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Peter T. Chattaway
"Something Big and Beautiful and Greater Than Me"
On the surface, it might not seem that films like The Martian, Everest, and The Walk have a lot in common, beyond their spectacular 3D imagery. The first film is a sci-fi thriller about an astronaut stranded on Mars, the second tells the tragic true story of a hiking expedition that went wrong, and the third is practically a light comedy—also based on a true story—about a wire-walker who walked between the World Trade Center towers in the early 1970s. But all three films, which came out in theaters within a few weeks of one another, do have this much in common: they are about the confidence, and sometimes hubris, of bold, brilliant people who think they can outsmart death.
Everest focuses on a commercial hiking expedition led by Rob Hall (Jason Clarke), a New Zealander who offered amateurs a chance to climb the tallest mountain in the world and get back down again safely for the princely sum of $65,000. In an early meeting with his clients, Hall tells them he is taking them into the "death zone"—a place so high above sea level that human life cannot survive—and he tells them that they will be "literally dying" while they are up there. But he assures them that he has never lost a customer yet, and that he has taken all the precautions he needs to ensure that he can get the team back down again before any permanent damage is done.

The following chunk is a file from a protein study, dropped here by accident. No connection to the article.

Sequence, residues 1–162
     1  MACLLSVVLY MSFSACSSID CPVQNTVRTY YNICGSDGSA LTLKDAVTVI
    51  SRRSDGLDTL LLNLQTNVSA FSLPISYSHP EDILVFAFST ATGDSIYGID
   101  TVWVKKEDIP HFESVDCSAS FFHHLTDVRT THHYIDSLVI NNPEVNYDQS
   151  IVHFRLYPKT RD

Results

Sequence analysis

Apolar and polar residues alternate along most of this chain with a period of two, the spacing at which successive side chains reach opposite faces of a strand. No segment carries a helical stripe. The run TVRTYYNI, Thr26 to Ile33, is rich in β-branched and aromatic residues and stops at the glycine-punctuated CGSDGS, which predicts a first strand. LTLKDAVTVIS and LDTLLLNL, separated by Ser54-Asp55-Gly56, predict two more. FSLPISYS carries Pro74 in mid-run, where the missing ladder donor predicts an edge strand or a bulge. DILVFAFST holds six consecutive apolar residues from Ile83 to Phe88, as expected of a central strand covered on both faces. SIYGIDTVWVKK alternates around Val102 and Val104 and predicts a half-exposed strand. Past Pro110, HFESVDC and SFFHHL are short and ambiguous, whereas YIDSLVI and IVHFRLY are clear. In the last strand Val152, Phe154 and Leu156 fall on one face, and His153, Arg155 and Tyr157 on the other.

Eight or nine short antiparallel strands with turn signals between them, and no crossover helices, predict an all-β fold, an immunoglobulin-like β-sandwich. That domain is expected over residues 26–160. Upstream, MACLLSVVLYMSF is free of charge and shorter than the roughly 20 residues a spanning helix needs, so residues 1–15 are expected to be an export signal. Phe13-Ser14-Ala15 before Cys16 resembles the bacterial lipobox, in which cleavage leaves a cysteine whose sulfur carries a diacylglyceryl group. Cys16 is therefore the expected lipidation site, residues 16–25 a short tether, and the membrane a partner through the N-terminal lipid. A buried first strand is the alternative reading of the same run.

From the beginning, the film lets us know the odds are against Hall. An opening title card tells us that one in four professional climbers have died while climbing Everest, and Hall's clients take note of a memorial to the mountain's victims. But Hall, who pioneered the concept of commercial guiding on Everest, has already taken 19 clients up and down the mountain without a single fatality over the previous four years, and his success has inspired a number of imitators—which causes problems of its own when it turns out that too many people are now trying to cross the same ladder bridges ...